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       The  roff(7)  type-setting  system provides a set of macro
       packages suitable for special kinds  of  documents.   Each
       macro  package stores its macros and definitions in a file
       called the package's tmac file.  The name is deduced  from
       `Troff MACros'.

       The  tmac  files  are normal roff source documents, except
       that they usually contain only definitions and setup  com­
       mands,  but  no text.  All tmac files are kept in a single
       or a small number of directories, the tmac directories.


       In classical  roff  systems,  there  was  a  funny  naming
       scheme.   If  the name of a macro package started with `m'
       this letter was omitted, e.g., the macro package  for  the
       man  pages  man  was  called an and its macro file tmac.an
       (note that in recent versions of groff this file is called
       an.tmac instead).

       By  a similar reasoning, macro packages that did not start
       with an `m' were often referred to by adding an `m', e.g.,
       the  package  corresponding  to  tmac.doc  was called mdoc
       because the command-line for activating it reads

              troff -mdoc.

       Actual versions of groff(1) provide  both  naming  schemes
       for  the  inflicted  macro  packages, with and without the
       leading `m'. So in groff, the man  macro  package  may  be
       specified as

              groff -m man,
              groff -man,
              groff -mman, or
              groff -m an.

       The  easiest  way  to  find  out  which macro packages are
       available on a system is to check the contents of the tmac
       directories.   For example, a file called tmac.anything or
       anything.tmac determines a macro package named anything.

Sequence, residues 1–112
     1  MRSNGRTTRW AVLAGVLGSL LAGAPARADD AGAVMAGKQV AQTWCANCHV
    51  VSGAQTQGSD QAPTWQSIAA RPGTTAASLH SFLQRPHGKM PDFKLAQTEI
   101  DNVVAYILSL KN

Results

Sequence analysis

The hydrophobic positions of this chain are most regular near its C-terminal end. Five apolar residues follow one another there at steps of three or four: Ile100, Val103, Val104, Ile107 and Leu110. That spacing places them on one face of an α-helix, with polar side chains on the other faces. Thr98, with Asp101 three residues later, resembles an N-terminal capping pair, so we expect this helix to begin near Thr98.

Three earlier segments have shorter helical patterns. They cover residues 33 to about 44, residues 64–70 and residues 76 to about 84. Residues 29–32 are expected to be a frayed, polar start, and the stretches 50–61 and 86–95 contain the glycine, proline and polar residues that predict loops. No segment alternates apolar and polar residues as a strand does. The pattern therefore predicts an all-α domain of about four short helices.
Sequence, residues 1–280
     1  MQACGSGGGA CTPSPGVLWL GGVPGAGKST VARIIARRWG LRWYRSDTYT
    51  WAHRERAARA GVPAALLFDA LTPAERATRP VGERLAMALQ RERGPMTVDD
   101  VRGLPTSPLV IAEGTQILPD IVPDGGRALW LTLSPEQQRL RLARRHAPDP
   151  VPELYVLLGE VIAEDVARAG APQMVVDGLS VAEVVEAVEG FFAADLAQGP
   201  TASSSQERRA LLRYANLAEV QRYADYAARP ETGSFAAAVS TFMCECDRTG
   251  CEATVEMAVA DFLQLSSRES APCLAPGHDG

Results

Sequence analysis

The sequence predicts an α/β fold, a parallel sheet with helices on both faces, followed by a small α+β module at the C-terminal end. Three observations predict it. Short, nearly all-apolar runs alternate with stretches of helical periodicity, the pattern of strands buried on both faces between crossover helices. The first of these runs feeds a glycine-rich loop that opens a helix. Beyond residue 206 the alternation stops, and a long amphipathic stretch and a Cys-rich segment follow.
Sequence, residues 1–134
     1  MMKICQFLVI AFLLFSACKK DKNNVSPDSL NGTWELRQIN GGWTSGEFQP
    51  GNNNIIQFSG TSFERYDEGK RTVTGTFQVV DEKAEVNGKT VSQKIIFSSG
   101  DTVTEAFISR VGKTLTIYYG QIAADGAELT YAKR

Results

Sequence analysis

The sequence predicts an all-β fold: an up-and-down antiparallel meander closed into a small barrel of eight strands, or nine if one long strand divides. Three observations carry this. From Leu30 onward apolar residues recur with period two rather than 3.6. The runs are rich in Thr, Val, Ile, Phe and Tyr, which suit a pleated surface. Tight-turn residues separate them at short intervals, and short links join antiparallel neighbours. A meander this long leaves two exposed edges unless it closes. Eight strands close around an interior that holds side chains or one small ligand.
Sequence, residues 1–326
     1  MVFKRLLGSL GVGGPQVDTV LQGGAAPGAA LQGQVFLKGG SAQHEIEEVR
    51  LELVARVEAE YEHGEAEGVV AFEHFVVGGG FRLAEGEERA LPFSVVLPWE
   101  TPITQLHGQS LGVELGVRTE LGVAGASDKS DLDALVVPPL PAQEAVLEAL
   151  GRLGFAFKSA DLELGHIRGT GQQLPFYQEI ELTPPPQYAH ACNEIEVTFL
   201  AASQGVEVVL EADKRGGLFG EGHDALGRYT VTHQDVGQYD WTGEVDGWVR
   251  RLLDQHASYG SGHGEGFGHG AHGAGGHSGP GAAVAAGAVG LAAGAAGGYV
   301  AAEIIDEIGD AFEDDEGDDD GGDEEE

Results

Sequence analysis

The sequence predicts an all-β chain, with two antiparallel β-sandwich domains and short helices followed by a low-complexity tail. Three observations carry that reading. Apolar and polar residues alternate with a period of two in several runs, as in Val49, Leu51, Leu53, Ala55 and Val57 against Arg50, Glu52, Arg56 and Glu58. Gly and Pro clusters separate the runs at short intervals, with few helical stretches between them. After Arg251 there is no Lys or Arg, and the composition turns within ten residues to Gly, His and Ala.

In groff, most macro packages are described in  man  pages
       called groff_<name>(7), with a leading `m' for the classi­
       cal packages.


       There are several ways to use a  macro  package  in  docu­
       ments.   At  run-time,  the groff option -m name makes the
       definitions in  the  macro  file  name.tmac  available  as
       described  in  the  section  NAMING.   If  this file isn't
       found, tmac.name will be searched.
       to  be  included  needs  preprocessing.   This can be done
       either directly by a pipeline on the command  line  or  by
       using the -s option of groff.

       You  can  also  supply  the letter `s' in the preprocessor
       word as described in section CONVENTION.

       For  example,  suppose  a  macro   file   is   stored   as
       /usr/share/groff/1.17.2/tmac/macros.tmac  and  is  used in
       some document called docu.roff.

       At run-time, the formatter call for this is

              groff -m macros docu.roff

       To include the macro file directly in the document either
              .mso macros.tmac
       is used or
              .so /usr/share/groff/1.17.2/tmac/macros.tmac

       In both cases, the formatter is called with
              groff -s docu.roff


       There is a convention that is  supported  by  many  modern
       roff  type-setters: the preprocessor word described in the

       If the first line in a document is a  comment,  the  first